Sending sensor data to Twitter using Node-RED

The Internet of Things (IoT) is a big thing right now, and technologies such as the Raspberry Pi have provided a cheap access to devices with plenty of power and flexibility to connect to a multitude of sensors and devices. In this tutorial, we shall use a cheap common sensor, the DS18B20 a waterproof and accurate sensor that can be bought for less than $5 online. Then using a programming language called Node-RED we shall code our first application that will take the current temperature data and post that information to our Twitter account. So let's get ready to create our first Node-RED application and we start by setting up the hardware for the project.

Setting up the hardware

To complete this project you will need:

  • Any model of Raspberry Pi running Raspbian 
  • An Internet connection
  • A DS18B20 sensor
  • A 4.7K Resistor
  • A breadboard
  • 3 x Male to female connectors
  • 1 x Male to male connector
  • Screw terminals

Building the circuit for this project is rather simple, requiring that we connect the three wires of the DS18B20 to our Raspberry Pi using the screw terminals and a breadboard. You may need to strip the wiring of your DS18B20 to use them with the terminals. The circuit should look like this.

Installing the software

On our Raspberry Pi, we first need to install two pieces of software before we can write any code. First, we need to install the npm package management tool. So in a terminal type the following.

$ sudo apt update && sudo apt install npm

After a few moments npm will be installed and ready for use. So let's use it to install the Node package for DS18B20 sensors. But we need to be in the hidden Node directory in our home directory. In the terminal type the following to go there

$ cd .node-red

Now type in the following to install the DS18B20 node.

npm i node-red-contrib-ds18b20

Installation should take only a few moments and when completed we can close the terminal as the next configuration step is to ensure our sensor is configured correctly and that is done using the Raspberry Pi Configuration application, found in the Preferences menu of the Raspbian desktop. In the application click on the Interfaces tab and ensure that the 1-wire interface is enabled. Click Ok to exit and now is a great time to reboot for the changes to be made.

Starting off with Node-RED

Once rebooted, return to the terminal and type the following to launch Node-RED.


Now open a web browser and visit and you will see the Node-RED interface.

The Interface is split into three sections, and from left to right they are.

The nodes: Where the nodes that make up or code are stored.

The flow: Where nodes are connected to form a flow, similar to an algorithm.

Info / Debug: This is where we can see information on nodes, and view the output of a node /flow.

Let's start by dragging the DS18B20 node from the Raspberry Pi section of nodes to the centre flow area.

This is an input node, in that it provides input from our sensor. But first, we need to configure it. Double-click on the node and change the settings to match. The Sensor ID should only have one value generated by the system. Feel free to change the Interval time to suit your needs. But for testing purposes set it to 0.1, which is six seconds.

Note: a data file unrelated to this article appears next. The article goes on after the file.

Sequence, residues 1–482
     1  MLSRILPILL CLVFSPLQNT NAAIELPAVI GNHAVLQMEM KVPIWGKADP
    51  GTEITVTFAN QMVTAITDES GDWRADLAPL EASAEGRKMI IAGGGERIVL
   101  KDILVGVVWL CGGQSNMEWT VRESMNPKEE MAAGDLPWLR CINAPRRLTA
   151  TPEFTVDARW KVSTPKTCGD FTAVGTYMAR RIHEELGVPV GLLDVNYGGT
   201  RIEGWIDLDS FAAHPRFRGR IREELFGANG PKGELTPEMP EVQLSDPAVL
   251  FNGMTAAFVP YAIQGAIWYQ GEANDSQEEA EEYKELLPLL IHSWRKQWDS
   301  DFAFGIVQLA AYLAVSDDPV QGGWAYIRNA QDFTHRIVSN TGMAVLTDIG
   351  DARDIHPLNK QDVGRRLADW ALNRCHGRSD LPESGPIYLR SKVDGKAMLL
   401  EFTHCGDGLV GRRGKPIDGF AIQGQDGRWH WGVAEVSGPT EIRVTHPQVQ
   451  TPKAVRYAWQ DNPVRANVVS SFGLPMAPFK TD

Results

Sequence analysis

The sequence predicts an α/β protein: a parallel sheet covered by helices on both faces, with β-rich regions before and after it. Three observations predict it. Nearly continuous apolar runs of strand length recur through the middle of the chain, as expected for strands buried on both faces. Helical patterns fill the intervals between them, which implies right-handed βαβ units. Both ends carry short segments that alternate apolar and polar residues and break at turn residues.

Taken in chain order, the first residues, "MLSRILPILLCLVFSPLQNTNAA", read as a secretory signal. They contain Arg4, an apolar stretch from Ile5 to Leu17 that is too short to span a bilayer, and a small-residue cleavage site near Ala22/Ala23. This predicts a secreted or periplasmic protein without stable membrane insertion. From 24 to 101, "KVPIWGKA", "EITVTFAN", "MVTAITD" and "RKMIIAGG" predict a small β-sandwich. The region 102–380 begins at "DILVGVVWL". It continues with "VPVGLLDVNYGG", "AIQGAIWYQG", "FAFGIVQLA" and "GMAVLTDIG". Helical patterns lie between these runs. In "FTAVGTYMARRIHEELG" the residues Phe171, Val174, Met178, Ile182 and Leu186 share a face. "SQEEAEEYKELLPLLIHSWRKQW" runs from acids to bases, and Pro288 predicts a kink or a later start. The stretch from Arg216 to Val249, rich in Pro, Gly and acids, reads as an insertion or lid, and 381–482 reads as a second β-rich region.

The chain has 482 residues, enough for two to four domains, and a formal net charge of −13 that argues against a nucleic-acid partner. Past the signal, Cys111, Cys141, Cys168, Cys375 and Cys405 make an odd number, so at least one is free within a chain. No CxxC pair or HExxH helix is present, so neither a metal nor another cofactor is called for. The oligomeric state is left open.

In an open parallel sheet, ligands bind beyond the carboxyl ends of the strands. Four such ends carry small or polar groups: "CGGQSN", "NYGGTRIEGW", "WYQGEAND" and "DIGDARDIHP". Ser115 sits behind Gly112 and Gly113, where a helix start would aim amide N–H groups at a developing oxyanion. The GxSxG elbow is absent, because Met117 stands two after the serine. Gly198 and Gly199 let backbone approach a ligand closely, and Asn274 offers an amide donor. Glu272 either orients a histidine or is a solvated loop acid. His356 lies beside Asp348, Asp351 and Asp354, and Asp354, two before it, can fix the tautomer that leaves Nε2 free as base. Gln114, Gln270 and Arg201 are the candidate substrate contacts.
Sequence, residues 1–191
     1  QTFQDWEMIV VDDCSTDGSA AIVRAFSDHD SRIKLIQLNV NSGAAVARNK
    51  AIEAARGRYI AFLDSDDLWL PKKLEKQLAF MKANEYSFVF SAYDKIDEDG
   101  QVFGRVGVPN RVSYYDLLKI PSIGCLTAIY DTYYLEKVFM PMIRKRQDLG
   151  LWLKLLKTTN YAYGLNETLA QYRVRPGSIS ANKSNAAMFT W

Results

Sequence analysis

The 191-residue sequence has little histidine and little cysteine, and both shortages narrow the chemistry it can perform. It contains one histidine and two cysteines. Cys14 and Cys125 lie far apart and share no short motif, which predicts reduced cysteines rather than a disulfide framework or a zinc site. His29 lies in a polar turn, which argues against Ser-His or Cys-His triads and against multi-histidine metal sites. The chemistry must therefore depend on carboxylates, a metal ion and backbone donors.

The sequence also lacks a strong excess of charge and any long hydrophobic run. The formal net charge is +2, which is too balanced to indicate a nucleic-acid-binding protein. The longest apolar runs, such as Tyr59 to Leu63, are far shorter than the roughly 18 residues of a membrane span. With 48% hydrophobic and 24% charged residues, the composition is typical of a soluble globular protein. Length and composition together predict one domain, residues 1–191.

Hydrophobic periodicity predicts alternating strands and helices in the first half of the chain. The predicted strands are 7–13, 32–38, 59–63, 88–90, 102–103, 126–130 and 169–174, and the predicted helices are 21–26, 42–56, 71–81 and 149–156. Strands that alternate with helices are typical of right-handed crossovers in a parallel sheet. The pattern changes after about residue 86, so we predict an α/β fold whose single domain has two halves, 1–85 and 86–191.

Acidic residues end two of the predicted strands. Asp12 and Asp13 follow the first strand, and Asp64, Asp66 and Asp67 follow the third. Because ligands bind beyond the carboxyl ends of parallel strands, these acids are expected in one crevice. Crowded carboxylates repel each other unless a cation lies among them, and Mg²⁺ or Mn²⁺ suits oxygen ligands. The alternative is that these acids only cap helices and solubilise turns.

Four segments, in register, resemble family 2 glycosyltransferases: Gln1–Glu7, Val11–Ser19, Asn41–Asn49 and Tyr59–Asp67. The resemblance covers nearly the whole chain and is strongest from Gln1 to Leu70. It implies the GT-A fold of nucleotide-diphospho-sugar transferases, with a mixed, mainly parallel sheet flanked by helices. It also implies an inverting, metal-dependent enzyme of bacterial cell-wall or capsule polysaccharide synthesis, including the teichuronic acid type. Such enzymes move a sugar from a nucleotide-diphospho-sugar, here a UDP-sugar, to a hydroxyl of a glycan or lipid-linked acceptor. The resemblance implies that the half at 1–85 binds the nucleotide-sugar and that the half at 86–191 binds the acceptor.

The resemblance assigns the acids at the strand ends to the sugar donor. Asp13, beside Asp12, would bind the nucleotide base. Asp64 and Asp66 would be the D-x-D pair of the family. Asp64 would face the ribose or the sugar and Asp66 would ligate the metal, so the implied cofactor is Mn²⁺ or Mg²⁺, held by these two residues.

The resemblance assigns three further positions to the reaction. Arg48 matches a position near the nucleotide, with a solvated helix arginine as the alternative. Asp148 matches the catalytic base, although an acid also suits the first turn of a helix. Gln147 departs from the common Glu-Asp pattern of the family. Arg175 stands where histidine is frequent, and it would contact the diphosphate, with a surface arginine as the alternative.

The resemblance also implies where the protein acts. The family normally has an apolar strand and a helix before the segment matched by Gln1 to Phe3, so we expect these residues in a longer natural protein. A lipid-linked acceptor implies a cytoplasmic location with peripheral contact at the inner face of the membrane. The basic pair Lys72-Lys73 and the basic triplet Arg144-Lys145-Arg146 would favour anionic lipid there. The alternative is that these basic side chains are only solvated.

Now we need to process the data sent from the DS18B20 node before it is posted to Twitter. So let's go to the function nodes and drag a function node into the flow. Connect the right side of the DS18B20 node to the left side of the function node using the grey dots at either side and left-click dragging a connector between them.

Double-click on the function node to edit the config.

In the function node we can write JavaScript that will enable us to manipulate the data being sent from the sensor. In this case, we call our function combiner and we use it to convert and combine the sensor data into something that is human readable.

Our first step is to convert the numerical data sent by the sensor into a string; this helps us to concatenate the data later.

msg.payload = msg.payload.toString();

Now let's create two variables which will contain parts of the sentence that will form the tweet posted to Twitter.

var text1 = "The temperature is ";

var text2 = "C";

Now, let us form the sentence, in this case, we update the contents of the msg.payload data sent from the DS18B20, so that it now contains the sentence formed of the two variables wrapped around the original msg.payload sensor data. Then we return this msg ready for it to be used later.

msg.payload = text1 + msg.payload + text2;

return msg;

Click on Done to save and now let us see the output of this flow. From the Output nodes drag a debug and connect it to the Combiner function.  


When ready click on Deploy in the top right to start the flow. Then click on the debug tab also in the top right. Here you will see the output of the flow.


So our sensor data is being sent to the debug tab, that means there are no errors and we are ready to post that data to Twitter. But before we do, change the DS18B20 nodes interval to 1 minute otherwise, we will upset a lot of people!

Now drag the Twitter node to the flow, and connect the Combiner function to the Twitter output node.

Double-click on the Twitter node and you will need to confirm your credentials before it can post to Twitter. Top tip, use a spare account when testing or you will spam your followers.

With Twitter config complete, click on Deploy to run the latest code and now watch as the Tweets full of sensor data appear in your timeline.

Tweak and alter the project to make it your own, but for now well done, you have taken your first steps with Node-RED and the IoT.

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